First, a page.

Letter from our Co-Founder, Marla Felcher
The idea for The Philanthropy Connection (TPC) came to me a few months after landing in Berkeley, in January, 2012, while I was meeting with a woman named Constance Grizzell, who at the time was part of Impact 100 Sonoma, a women’s collective giving organization. Summer Search was considering applying for a grant, and I was learning more about the organization’s application process. The concept of “women’s collective giving” was new to me. From the start, I was smitten.
By the time that meeting had ended, I’d decided I was going to start a similar organization in Boston. That evening, I called two friends in Boston, Dharma Cortés and Suzanne Carter, described what I’d learned that day from Constance, and asked if they were “in.” Both said yes. Five months later, my husband, our now 16-year old dog, and I drove our Subaru back to Cambridge. Dharma, Suzanne, and I spent the spring of 2012 planning what would become The Philanthropy Connection.
TPC is born…
By June, 2012, we had landed on the following goals, which I am proud to report we accomplished, and continue to improve:
- To inspire women to deepen their understanding and practice of philanthropy.
- Demonstrate the impact of collective giving.
- Create learning opportunities for women philanthropists.
- Build new networks:
- Between women philanthropists.
- Between women philanthropists and leaders working within non-profit organizations.
- Provide grants to organizations working to fulfill the unmet needs of individuals and families living in Massachusetts.
- Inspire and engage the next generation of women philanthropists.
The mantra Give. Receive. Learn. has guided our work since the beginning.
January of 2013 was a big month for our nascent organization. Ilene Greenberg, Meera Venkatraman, and Sharhea Wade joined Dharma, Suzanne, and me on the Board of Directors; we sent a “birth announcement” to our friends, colleagues, and relatives, announcing that TPC was open for business; we received our first $1,000 membership check, from Rosemary Shore. The following month, we held the first new member recruitment event, called Connect the Dots (thank you, Ilene!). We’d set a goal of recruiting 100 members, and awarding $100,000 of grants. By March we’d hit that goal … and then some. By then, it was abundantly clear that there was no shortage of generous women in the Boston area.
TPC ended its first year with 131 members. In December, 2013 we awarded five $26,000 grants to our first set of grantees: Crossroads for Kids, Family Nurturing Center, Reach Beyond Domestic Violence, Respond, Inc., and Silver Lining Mentoring. TPC’s family had expanded!
We continue to grow and improve…
Over the years, we have focused on managing our growth, continually improving our grant application and review processes, and creating programming that encourages our members to participate in any way their schedule allows. One of the most gratifying aspects of TPC for me personally has been the growth of the Young Philanthropist Program. What started as a Fellowship for five young women has blossomed into a robust program, run by and for young women. A successful, sold-out Young Philanthropist Conference in 2016 convinced all of us that not only do these young women know what they’re doing – they could pretty much run the world. Thanks to their passion, generosity, and hard work, now over 20% of TPC members are 35 years old and under.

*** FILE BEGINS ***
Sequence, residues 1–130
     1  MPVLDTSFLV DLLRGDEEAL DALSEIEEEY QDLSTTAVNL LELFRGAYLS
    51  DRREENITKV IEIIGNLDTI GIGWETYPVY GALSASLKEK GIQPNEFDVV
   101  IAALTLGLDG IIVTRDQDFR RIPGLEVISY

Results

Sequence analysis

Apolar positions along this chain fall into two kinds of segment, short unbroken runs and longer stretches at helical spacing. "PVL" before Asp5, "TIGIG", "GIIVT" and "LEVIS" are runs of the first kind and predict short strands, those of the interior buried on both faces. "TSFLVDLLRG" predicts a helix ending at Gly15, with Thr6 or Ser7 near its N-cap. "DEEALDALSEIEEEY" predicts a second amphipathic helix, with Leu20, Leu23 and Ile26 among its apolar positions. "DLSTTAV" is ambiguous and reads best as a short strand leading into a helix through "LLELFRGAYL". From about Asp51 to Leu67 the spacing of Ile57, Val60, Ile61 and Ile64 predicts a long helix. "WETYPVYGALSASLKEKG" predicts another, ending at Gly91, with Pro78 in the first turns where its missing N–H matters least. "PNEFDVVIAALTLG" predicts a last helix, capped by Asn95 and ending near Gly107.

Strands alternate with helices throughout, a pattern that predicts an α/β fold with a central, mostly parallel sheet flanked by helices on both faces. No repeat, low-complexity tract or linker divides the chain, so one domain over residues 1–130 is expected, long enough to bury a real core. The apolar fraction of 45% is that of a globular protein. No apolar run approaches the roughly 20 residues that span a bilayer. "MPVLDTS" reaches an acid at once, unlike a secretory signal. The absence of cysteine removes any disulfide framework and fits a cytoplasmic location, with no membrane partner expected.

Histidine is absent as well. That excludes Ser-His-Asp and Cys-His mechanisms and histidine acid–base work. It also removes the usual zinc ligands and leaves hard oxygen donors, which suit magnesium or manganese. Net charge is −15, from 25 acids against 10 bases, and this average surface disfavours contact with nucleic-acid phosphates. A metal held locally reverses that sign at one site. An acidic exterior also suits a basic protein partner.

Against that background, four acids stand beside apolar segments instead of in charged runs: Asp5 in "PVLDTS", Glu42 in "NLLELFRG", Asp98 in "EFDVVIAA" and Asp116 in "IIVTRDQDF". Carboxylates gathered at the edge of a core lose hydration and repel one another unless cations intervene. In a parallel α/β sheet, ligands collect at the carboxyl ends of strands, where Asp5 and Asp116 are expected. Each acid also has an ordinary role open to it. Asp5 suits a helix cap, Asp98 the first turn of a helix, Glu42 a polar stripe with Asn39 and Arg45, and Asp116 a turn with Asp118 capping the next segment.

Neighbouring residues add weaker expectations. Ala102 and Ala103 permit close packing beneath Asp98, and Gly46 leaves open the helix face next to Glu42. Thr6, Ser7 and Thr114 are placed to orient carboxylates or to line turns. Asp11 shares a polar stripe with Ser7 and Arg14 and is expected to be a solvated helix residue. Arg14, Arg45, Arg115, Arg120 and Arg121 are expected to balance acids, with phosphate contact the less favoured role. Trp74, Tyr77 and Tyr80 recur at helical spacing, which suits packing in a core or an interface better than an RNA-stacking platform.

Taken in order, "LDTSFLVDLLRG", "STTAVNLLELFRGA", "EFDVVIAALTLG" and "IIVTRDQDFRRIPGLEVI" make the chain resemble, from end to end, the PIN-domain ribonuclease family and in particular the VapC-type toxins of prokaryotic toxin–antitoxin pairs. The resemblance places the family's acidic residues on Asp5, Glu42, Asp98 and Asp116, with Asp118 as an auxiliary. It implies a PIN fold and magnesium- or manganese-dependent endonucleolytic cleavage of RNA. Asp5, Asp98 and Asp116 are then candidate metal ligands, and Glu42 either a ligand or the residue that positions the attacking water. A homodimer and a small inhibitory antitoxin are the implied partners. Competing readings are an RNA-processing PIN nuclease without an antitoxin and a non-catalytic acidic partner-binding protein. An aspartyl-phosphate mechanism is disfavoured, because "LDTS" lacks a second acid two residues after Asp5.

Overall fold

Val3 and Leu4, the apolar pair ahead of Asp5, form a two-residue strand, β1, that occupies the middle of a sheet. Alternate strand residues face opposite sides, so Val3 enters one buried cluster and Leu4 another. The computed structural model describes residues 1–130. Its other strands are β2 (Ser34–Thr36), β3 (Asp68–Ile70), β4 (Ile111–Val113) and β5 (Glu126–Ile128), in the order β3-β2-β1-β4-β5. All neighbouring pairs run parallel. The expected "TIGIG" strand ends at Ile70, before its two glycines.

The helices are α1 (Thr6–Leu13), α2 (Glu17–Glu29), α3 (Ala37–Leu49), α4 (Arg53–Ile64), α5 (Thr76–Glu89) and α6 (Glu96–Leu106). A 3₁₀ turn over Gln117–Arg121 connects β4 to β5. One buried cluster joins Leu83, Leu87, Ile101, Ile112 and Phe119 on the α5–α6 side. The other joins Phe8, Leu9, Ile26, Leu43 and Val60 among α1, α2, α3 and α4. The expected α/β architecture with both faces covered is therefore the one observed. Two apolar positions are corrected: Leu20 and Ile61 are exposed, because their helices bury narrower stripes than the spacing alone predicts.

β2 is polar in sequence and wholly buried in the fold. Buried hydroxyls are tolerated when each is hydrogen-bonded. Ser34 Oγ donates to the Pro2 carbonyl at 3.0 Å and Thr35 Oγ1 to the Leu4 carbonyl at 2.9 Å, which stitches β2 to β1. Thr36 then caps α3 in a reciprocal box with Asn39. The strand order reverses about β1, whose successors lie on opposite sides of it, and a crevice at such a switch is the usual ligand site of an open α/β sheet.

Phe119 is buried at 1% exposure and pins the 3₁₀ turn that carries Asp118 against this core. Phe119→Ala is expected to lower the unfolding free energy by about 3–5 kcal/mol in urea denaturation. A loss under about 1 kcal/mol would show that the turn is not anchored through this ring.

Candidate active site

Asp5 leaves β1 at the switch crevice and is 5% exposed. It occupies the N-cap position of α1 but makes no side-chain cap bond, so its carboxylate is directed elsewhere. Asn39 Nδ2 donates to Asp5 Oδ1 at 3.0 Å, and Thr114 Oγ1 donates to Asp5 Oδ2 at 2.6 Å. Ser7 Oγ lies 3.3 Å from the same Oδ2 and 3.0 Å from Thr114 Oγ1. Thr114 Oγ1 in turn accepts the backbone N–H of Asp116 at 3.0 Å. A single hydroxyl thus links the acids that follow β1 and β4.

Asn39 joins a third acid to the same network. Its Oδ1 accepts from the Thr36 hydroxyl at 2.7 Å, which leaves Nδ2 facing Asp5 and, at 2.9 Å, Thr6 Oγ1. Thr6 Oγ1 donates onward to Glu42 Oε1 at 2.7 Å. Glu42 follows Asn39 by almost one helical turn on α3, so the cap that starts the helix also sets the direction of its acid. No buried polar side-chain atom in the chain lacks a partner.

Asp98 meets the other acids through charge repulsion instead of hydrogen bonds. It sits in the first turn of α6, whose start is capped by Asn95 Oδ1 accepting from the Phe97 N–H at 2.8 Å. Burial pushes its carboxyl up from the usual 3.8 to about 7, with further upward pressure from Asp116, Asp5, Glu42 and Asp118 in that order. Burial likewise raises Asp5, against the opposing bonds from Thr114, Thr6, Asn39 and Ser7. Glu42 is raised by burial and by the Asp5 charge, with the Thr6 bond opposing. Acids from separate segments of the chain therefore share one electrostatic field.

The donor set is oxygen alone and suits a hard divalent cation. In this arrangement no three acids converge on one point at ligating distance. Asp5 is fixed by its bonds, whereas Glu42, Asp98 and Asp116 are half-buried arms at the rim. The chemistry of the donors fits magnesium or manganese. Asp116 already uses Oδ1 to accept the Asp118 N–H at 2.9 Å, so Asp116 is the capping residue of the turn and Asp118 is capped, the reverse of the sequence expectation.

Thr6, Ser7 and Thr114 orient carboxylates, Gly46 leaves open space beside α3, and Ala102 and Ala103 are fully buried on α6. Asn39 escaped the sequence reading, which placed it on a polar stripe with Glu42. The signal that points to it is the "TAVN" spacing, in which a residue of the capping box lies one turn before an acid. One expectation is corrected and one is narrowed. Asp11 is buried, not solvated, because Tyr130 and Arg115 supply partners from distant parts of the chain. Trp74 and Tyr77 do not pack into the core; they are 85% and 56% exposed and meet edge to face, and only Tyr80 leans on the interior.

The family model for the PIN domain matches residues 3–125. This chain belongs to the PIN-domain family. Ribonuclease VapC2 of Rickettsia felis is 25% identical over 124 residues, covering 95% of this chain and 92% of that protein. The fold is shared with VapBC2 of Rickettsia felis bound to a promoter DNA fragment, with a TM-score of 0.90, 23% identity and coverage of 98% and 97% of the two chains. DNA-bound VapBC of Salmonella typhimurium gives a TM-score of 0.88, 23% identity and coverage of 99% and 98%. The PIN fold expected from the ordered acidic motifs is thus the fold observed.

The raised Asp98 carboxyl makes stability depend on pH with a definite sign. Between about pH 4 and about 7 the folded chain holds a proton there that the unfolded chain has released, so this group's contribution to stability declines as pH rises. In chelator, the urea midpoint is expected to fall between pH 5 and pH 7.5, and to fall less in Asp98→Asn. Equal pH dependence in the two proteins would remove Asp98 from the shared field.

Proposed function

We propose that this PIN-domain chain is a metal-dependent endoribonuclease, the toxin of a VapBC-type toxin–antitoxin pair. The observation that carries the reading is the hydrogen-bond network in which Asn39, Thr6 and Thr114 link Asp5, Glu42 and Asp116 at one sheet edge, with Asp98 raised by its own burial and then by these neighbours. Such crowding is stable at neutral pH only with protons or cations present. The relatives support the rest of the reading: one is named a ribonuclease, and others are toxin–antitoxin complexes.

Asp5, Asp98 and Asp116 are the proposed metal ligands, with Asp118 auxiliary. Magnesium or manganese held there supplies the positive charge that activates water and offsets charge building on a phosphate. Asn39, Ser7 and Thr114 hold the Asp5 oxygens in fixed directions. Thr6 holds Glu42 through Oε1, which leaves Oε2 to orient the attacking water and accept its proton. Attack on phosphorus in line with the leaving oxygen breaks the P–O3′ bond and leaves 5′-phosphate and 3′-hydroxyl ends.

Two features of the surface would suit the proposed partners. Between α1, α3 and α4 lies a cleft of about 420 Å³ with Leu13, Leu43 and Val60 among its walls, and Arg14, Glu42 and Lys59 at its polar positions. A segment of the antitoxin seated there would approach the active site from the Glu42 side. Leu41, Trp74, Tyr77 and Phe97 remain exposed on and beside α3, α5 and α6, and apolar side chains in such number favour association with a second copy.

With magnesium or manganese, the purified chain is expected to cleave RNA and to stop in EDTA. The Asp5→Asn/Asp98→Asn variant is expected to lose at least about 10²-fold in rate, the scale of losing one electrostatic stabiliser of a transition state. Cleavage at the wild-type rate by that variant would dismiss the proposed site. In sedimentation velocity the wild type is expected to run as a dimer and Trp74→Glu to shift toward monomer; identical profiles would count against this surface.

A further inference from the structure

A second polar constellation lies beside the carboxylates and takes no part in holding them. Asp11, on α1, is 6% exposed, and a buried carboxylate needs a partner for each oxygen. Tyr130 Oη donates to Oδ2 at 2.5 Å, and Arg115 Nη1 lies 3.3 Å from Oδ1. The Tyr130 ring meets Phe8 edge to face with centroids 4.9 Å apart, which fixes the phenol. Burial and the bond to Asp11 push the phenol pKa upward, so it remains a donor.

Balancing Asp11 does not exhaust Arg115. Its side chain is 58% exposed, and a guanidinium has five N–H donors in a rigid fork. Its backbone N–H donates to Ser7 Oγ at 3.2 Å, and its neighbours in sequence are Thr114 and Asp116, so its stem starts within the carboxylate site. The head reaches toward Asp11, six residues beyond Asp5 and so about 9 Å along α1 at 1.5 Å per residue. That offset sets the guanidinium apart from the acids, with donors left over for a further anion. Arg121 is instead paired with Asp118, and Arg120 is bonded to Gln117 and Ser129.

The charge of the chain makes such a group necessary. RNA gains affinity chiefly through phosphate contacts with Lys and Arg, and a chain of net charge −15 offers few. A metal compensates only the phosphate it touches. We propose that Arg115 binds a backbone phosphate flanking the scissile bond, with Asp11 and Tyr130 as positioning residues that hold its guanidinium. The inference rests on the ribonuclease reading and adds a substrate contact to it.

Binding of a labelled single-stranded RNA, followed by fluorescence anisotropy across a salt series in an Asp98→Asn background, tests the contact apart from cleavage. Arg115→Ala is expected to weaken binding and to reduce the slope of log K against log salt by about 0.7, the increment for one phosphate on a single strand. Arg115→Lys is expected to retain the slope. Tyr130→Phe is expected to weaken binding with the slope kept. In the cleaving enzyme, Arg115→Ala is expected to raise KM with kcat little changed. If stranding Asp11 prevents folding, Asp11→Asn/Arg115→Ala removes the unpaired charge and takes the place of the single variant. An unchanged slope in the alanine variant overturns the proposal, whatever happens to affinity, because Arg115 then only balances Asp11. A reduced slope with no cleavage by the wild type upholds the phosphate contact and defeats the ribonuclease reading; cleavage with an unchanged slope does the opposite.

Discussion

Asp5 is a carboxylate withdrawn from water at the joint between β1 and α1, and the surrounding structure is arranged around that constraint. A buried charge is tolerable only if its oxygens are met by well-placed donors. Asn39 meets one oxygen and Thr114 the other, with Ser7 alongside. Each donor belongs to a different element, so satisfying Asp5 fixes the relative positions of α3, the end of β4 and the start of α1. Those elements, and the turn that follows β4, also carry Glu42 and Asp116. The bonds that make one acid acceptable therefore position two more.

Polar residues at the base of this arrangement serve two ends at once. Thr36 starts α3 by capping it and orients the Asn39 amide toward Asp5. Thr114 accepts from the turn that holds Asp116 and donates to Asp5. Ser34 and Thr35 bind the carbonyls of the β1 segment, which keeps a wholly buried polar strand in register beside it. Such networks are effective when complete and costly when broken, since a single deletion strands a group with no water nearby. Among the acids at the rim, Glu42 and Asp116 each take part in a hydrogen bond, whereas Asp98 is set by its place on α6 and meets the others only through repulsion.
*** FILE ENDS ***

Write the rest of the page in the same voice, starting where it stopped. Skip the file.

In 2016 I stepped away from the day-to-day leadership of The Philanthropy Connection, and in 2017 I stepped down as Board Chair. In doing so, I passed the torch to President Susan Benford and Board Chair Lora Farkas. What started as three women meeting in my living room has become a 275+ member organization with a 14-woman Board of Directors and a part-time administrator. This has truly been a group effort. I am convinced that TPC has a bright future, one that is both sustainable and impactful. TPC has changed my life in a profound way, as it has changed the lives of our members and grantees.
The words of TPC member Cathleen Cavanaugh embody what can happen when a member is introduced to a grantee, and has the opportunity to learn more about the organization’s work and the people they serve. Cathleen sent this email to me and Cheryl Opper, the founder of School on Wheels MA (SOWMA), an organization that provides one-on-one mentoring and support to children struggling to stay in school while their families are experiencing homelessness:
I just want to tell you both how fortunate I am to be associated with TPC and SOWMA. Joining TPC offered me the opportunity to learn about so many non-profits that are doing such incredible work every day, that I might never have heard of otherwise. It was wonderful luck that I was on the TPC Grant Review team for SOWMA, and also went on the site visit, where I had the opportunity to meet Cheryl.
Family and friends have heard me talk about both organizations. Last night I brought some of those family and friends to the SOWMA Gala. My words could not have prepared them for the incredibly inspirational stories that SOWMA kids spoke about on that stage. It made us all realize that every student needs just the one right door to be open to unleash their amazing inner strength. And to be surrounded by positive vibes and love makes insurmountable obstacles all of a sudden become possible.
I am so grateful to be part of both TPC and SOWMA. Possibilities are endless when wonderful people work together to change the world, one step at a time.
This is the pinnacle of a TPC experience. If you are already a member, thank you. If you are considering becoming a member, I encourage you to do so. I promise that if you Give. Receive. Learn. with us, you will change lives – including your own.